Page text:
We all know the butterfly effect. This theory is the essence of the theory of chaos, a law enunciated by James Yorke that reminds us of something essential. The world does not follow a millimetric and predictable principle. Like it or not, chaos is part of our life. There is always a small place for chance, which is why it will sometimes be almost impossible for us to predict the effect of certain events.
It is customary to associate this theory with its original branches: mathematics and physics. However, we often forget that these sciences have a direct influence on our daily life.
In fact, few paradigms have such an impact on the domains of behavior and knowledge. Moreover, James Yorke summarizes the importance of his theory in one sentence: we must be ready to change our plans at any time.
"In life, it's important to be flexible, I do not plan things anymore, I prefer to discover them."
-James Yorke, father of the theory of chaos
Each of us has a degree of tolerance for uncertainty. From a certain point, our brain enters "alert mode" vis-à-vis what could happen.
We prefer stability. We like to know that two and two are four and that what we have and who surrounds us one day will still be there the next day. All this allows us to reach the emotional balance allowing us to enjoy having everything under control.
However, the theory of chaos highlights an obviousness. Life and its development do not respond to the rhythmic and perfect rhythm of the watch. The unforeseen and the uncontrollable always live in us and between us.
It is a sword of Damocles that can fall at any time. This butterfly, which today flies its wings over the United States, can arrive tomorrow in Europe in the form of an economic crisis. This white ball in which we play billiards and that the rest of the balls are scattered in unexpected directions …
The theory of chaos: nature is unpredictable
The theory of chaos tells us in a few words that the outcome of an event depends on several variables. We can not predict with complete accuracy the behavior of these. There is always a margin of error, a place for chance, a flapping of wings that changes everything at the last moment. Sometimes, a small difference generates an effect with significant proportions whose distinctive sign will be printed in all chaotic systems.
Some say that Chaos theory configures one of the most wonderful areas of modern mathematics. They claim that it is science that tries to predict the behavior of inherently unpredictable systems.
We can now assume facts that will be probable in almost all areas of knowledge. Let us not forget that until then, the goal of the scientific world was to eliminate the variable of "uncertainty" to be able to describe with certainty the behavior of practically anything.
However, we accept today this margin where chance and unforeseen exist at a given moment and can come to change everything. In fact, it was discovered by the meteorologist and mathematician Edward Lorenz in 1961 when he tried to create a computer system to predict the weather. He quickly realized that due to a rounding error in numbers, the whole system had begun to behave in a manner that was clearly unpredictable. Later, this experience served to formulate the famous butterfly effect.
Chaos constantly lives in us
Chaotic phenomena are not only abundant in nature. They are also involved in the prognoses of temperature and biology. This unpredictable behavior spares no area.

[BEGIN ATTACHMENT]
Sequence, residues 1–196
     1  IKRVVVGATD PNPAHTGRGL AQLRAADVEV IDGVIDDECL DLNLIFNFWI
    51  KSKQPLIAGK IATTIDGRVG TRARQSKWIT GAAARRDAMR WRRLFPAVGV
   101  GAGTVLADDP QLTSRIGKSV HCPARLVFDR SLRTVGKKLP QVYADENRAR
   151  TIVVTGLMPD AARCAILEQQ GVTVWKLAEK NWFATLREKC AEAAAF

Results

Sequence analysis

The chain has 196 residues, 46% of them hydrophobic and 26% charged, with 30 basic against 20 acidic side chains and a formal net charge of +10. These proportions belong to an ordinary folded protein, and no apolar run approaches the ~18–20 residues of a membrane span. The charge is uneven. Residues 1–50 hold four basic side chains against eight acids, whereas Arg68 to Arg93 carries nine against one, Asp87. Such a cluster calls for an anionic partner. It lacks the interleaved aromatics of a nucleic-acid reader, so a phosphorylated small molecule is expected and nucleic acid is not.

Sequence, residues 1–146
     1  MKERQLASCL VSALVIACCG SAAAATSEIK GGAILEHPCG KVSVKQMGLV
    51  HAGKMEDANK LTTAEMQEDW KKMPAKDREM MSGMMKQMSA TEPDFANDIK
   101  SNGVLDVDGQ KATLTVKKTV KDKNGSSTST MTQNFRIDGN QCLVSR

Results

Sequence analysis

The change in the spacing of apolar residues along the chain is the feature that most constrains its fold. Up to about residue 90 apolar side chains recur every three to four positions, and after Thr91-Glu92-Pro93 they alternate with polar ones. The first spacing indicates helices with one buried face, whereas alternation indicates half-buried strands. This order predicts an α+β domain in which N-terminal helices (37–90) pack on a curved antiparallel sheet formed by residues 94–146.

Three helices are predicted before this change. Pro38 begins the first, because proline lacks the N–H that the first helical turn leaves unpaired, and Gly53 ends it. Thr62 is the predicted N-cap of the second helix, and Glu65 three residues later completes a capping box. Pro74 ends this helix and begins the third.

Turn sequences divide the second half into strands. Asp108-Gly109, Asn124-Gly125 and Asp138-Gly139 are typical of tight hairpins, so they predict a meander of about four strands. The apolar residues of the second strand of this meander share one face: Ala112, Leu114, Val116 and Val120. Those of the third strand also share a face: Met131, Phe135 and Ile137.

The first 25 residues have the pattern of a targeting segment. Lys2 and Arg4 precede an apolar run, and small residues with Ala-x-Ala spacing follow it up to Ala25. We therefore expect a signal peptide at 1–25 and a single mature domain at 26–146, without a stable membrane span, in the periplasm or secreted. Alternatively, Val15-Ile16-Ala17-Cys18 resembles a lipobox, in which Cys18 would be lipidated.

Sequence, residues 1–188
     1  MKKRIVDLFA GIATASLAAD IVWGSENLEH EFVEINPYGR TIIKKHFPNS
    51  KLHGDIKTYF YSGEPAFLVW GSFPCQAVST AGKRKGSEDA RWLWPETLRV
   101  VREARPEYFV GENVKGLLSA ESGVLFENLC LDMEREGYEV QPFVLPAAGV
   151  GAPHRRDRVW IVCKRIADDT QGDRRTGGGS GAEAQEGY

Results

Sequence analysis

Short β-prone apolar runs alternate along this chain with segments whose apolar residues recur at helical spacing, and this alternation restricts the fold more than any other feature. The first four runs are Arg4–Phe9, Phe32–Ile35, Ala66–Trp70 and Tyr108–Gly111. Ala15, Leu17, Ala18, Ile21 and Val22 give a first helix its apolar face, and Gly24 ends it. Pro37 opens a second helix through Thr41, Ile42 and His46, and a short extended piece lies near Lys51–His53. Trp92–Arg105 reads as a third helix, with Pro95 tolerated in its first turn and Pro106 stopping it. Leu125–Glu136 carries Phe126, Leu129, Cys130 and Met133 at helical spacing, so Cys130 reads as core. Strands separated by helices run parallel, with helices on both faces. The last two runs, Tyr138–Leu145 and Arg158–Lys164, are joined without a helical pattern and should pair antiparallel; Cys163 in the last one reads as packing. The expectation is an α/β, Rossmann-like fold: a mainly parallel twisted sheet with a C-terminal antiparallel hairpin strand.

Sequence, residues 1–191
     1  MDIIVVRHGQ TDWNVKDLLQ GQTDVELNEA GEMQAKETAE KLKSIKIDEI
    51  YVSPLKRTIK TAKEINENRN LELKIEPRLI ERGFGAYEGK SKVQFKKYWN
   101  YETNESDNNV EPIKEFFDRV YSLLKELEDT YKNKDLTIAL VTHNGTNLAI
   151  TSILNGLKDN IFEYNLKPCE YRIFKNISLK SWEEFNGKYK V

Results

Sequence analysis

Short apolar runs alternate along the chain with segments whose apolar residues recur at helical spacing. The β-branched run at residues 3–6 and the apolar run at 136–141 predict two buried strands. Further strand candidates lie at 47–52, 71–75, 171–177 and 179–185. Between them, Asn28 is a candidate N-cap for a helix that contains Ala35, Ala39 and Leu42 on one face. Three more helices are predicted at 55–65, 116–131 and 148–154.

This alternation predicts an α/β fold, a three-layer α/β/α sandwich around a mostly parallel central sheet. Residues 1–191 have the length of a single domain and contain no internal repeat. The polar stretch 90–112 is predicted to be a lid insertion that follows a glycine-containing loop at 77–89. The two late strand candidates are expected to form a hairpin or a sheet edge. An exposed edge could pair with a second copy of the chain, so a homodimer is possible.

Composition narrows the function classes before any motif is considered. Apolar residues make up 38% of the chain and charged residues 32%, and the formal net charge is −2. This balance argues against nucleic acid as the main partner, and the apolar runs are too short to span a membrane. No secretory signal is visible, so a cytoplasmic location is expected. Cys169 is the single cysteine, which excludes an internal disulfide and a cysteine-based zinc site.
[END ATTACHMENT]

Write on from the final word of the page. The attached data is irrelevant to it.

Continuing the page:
The needle-hole in which the golden thread of the unexpected passes at a given moment and at random spares nothing. Thus, all these chaotic phenomena take place daily without us realizing it in economics, thermodynamics, astronomy, and even in psychology.
Today, we know that any disruption in our brain (such as the alteration of a neurotransmitter) can lead to drastic changes in our behavior. Moreover, in psychiatry, we apply the theory of chaos. By administering a certain medication to a patient, there is a low probability of observing an effect contrary to that expected.
"The slight flapping of a butterfly can be felt at the other end of the world."
How to apply the theory of chaos in everyday life?
On a daily basis, we are all trying to avoid chaos. It's the only way to feel good.It is the only way to organize our lives where the predictable allows us to go out without fear, allows us to look to the future with confidence. As James Yorke explains to us, father of this theory, the best is to prepare to change our plans at any time.
In a way, this principle is very much related to another theory that we hear about today. We refer to the principle of "black swan" as stated by the essayist, economist and mathematician Nassim Nicholas Taleb.
In his book, which we recommend reading and whose title has the same name as the theory, he reminds us that the majority of us are invaded by a worldview in which everything seems at first sight predictable. However, there always comes a time when strangeness and chaos appear … through an unexpected event. We are obliged to assume the latter and adopt a rational approach.
Nevertheless, instead of having to act when this chaos presents itself to us, the ideal would be to be prepared for it. James Yorke reminds us that individuals who achieve success and happiness always have a Plan B in their bag.
Let's make an effort to develop a flexible mentality and an approach that is not limited to the reaction according to the events that present themselves to us. Let us try to assume them with curiosity and acceptance. Often, it is in chaos that the most opportunities arise. Being prepared to react to unforeseen circumstances ultimately comes down to the ups and downs of life.